No agency, however, has clear authority for regulating the introduction and spread of some types of potentially invasive organisms including:
- Diseases of wildlife that don’t affect livestock or poultry (e.g., whitenose syndrome of bats; chytrid fungus of amphibians)
- Invertebrates that are not plant pests and are in taxonomic groups for which authority is not currently granted by the Lacey Act (e.g., horseshoe crabs)
- Pests that attack only dead plants (e.g., termites)
- Pests that are nuisances to humans but do not spread disease or attack agricultural plants.
An effective national invasive species response must include authorities, policies, and actions intended to prevent introductions of additional non-native species, to detect and quickly respond to new invaders, and to contain or manage already established invasive species. Our collective experience leads us to focus on pathways or vectors of introduction and spread, rather than trying to prevent introductions of particular species.
Most introductions of new species to the United States occur either in cities and suburbs, where imported goods arrive and are disseminated, or at ports, such as coastal estuaries and the Great Lakes. Once a species has entered the United States, however, eradication and control methods need to combine measures addressing both pathways of human-assisted movement (e.g., firewood, boat trailers) and the species’ particular biological characteristics and life histories –which determine how managers can detect and eradicate the organism.
None of the existing “prevention” programs has achieved an adequate level of success. APHIS has considerable authority under the Plant Protection Act, and the bulk of federal prevention resources, yet the agency’s staffing and funding are still inadequate to fully implement programs for which the agency is responsible. The FWS Lacey Act program is severely hampered by weak legislative authority and completely inadequate resources.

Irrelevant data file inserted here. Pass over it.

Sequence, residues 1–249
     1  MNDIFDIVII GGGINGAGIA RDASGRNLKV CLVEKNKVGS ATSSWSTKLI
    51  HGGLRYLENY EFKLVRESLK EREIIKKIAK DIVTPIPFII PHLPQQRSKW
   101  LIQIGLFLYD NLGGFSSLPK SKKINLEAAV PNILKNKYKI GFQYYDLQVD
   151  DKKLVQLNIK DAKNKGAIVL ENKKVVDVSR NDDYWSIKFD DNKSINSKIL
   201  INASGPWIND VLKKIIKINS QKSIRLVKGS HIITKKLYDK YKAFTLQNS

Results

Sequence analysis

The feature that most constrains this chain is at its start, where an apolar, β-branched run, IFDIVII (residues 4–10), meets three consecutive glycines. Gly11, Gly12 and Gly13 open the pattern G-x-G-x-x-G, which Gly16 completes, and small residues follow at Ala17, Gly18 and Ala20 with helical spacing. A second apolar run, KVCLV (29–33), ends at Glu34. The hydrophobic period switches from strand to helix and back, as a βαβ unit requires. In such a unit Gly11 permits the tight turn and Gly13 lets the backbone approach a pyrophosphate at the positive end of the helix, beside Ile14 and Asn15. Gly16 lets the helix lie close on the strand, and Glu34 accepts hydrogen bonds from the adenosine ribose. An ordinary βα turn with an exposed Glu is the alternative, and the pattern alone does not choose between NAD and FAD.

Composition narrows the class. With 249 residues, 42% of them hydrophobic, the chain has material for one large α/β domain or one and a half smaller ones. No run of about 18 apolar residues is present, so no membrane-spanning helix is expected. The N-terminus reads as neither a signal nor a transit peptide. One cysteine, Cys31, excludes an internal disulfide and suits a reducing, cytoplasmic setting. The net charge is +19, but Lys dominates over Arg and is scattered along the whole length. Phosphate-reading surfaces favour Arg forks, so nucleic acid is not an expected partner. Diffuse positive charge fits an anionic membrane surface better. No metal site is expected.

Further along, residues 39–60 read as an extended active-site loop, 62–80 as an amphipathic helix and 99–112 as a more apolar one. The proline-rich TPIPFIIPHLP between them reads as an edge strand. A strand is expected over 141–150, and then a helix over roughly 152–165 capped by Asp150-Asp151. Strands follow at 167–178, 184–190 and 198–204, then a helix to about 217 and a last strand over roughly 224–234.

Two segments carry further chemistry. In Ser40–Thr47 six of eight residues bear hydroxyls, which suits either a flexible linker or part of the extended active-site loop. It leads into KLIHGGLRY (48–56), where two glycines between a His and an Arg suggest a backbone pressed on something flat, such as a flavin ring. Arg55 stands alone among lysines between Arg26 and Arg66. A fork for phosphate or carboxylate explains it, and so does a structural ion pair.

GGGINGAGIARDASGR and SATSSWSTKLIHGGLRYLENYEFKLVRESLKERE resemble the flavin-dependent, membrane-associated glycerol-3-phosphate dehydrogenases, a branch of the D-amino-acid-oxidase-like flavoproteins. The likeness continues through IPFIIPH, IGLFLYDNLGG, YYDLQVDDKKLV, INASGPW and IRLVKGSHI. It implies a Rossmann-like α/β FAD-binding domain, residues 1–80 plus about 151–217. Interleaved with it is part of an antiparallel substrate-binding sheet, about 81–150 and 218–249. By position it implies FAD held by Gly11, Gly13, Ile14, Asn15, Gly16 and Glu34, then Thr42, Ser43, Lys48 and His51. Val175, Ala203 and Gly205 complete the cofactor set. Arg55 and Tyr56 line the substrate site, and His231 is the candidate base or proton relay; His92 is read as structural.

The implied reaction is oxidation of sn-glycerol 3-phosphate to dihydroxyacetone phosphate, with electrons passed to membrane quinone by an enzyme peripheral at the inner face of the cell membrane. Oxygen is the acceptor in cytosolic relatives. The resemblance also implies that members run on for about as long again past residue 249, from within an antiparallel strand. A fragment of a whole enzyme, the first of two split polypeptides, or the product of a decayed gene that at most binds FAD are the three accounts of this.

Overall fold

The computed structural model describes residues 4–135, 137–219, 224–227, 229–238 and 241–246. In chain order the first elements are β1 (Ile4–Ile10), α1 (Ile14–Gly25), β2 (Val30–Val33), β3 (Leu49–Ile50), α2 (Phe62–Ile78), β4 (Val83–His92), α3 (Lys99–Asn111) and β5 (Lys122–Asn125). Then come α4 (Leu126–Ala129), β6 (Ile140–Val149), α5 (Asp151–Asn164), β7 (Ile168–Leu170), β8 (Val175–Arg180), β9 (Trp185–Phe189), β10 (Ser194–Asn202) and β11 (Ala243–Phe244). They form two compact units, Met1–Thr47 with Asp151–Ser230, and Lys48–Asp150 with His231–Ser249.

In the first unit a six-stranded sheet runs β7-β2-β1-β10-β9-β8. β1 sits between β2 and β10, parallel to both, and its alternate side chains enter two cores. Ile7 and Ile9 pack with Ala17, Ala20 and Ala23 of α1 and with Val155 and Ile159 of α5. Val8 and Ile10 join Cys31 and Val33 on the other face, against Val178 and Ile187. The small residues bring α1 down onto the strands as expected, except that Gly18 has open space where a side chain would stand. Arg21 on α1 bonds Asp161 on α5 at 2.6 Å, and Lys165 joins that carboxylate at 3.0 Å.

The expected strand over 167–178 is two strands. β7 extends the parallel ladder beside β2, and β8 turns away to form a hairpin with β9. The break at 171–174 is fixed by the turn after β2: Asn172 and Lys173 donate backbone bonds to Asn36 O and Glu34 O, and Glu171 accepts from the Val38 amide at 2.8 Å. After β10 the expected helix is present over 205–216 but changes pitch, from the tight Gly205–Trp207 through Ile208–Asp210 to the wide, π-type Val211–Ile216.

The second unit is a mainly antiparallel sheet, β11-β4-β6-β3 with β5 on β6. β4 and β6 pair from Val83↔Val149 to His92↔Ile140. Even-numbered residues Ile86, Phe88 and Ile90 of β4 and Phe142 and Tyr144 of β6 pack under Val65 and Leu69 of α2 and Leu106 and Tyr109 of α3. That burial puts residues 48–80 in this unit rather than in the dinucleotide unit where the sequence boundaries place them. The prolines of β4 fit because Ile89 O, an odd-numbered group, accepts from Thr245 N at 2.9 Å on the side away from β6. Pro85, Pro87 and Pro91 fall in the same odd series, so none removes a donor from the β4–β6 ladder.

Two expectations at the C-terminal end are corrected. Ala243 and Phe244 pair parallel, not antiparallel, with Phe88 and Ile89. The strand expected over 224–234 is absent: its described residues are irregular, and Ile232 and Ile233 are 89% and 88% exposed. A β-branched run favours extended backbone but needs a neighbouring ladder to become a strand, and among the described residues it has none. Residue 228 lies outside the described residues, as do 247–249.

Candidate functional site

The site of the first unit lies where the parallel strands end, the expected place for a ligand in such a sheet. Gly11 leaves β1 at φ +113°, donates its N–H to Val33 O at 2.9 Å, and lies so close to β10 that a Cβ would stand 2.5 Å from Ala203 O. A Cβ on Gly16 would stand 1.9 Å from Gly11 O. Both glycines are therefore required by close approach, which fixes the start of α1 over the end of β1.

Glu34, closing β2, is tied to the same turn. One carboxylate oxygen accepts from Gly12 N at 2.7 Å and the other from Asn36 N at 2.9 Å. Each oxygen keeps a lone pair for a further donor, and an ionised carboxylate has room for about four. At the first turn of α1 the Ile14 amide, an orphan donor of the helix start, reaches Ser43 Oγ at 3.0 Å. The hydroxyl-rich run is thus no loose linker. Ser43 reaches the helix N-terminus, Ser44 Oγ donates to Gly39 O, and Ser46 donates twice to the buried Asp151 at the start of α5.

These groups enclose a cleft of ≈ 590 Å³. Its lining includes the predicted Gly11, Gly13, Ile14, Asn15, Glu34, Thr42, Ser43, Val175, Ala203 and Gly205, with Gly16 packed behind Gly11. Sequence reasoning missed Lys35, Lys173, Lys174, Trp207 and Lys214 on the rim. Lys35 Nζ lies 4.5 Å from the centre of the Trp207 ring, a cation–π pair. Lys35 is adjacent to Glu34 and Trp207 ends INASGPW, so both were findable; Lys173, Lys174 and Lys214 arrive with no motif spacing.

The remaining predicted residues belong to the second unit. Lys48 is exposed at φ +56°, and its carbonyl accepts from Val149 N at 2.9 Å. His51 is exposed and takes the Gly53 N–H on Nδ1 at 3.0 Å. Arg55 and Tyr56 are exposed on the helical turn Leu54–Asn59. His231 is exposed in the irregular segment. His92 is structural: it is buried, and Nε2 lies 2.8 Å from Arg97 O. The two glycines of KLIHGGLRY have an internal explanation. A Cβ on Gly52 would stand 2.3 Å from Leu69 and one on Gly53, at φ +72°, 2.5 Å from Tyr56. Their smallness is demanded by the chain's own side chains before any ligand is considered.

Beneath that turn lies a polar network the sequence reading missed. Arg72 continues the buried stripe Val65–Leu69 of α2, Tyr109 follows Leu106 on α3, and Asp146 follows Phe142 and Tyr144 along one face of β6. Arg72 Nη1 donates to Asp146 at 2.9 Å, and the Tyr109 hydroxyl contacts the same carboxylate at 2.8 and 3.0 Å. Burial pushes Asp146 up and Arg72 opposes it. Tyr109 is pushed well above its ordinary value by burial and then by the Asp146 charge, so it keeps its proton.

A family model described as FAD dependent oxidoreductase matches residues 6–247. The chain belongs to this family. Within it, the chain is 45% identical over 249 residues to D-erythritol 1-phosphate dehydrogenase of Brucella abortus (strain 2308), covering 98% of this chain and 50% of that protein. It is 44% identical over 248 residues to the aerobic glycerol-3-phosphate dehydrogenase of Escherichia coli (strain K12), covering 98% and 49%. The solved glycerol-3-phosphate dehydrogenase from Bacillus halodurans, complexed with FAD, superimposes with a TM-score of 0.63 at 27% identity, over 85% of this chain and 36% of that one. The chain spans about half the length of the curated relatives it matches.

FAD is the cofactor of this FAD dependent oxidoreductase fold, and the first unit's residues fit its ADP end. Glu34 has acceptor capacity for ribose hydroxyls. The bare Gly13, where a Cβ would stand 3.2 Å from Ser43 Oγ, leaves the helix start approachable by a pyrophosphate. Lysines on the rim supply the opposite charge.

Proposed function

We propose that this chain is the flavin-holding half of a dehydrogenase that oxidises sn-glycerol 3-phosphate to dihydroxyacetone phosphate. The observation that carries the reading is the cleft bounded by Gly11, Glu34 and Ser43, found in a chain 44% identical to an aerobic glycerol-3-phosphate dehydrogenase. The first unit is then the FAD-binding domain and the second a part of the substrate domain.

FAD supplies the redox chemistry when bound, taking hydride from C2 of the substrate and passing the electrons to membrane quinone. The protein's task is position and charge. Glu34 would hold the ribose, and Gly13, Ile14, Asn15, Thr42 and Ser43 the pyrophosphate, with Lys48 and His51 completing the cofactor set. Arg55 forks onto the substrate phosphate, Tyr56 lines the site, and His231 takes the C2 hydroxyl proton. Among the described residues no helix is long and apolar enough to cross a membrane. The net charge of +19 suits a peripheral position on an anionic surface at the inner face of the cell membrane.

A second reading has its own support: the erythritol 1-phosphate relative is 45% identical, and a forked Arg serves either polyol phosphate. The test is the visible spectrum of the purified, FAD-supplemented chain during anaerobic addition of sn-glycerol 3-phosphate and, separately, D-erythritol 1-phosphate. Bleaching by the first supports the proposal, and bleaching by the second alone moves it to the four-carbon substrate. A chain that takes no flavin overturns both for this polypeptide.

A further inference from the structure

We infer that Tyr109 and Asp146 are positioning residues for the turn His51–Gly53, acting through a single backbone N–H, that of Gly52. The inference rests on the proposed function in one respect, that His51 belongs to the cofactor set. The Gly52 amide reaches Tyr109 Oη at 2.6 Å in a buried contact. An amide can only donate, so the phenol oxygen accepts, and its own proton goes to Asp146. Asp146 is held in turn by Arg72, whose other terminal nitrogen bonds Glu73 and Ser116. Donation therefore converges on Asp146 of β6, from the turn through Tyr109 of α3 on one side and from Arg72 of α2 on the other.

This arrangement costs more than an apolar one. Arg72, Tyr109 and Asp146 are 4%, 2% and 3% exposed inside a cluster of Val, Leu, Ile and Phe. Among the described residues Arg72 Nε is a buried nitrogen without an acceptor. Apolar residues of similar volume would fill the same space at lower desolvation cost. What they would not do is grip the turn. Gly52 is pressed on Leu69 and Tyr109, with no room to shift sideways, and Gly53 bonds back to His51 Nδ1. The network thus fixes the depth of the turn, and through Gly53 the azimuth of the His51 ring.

Agencies responsible for preventing introductions or eradicating or containing early-stage invasions should have the following powers:
- Statutory authority to regulate both potentially invasive organisms and the pathways or vectors by which they are moved
- Statutory authority to regulate import and interstate movement of invasive organisms or their vectors
- Official reporting, communication, and outreach capacity
- Clear authority for responding to incursions and a suitable command structure to manage the response. Models for such response structures include the Interagency Fire Program, Centers for Disease Control, and oil spill emergency response
- Sufficient resources to enable timely completion of program components, including:
- Evaluation and risk analysis of potentially invasive species and pathways
- Promulgation of regulations for movement of invasive species and articles/conveyances that transport them
- NEPA compliance
- Inspection of shipments
- Engagement with affected stakeholders
- Enforcement and prosecution
- Outreach and extension programs (e.g., to encourage compliance)
- Research to improve risk analysis, prediction, detection, and control measures
- Detection networks, deployment of appropriate tools targeting key pathways or vectors, and engaging stakeholders
- Response to new outbreaks, including detection and eradication.
Resource management agencies have a primary role for minimizing the impact of invasive species on lands and waters under their jurisdiction. To be effective, this important work should embrace landscape-level strategies carried out collaboratively across federal and state agencies and with other implementers, such as county weed districts, and private property owners. Effective invasive species control programs within resource management agencies should aim to:
- Reduce or eradicate invasive species populations, while encouraging recovery of native species and maintaining or restoring the utility of the lands or waters for intended purposes
- Prevent introduction of new invasive species to lands or waters under their jurisdiction
- Detect the presence of and respond rapidly to eradicate or control new potentially invasive species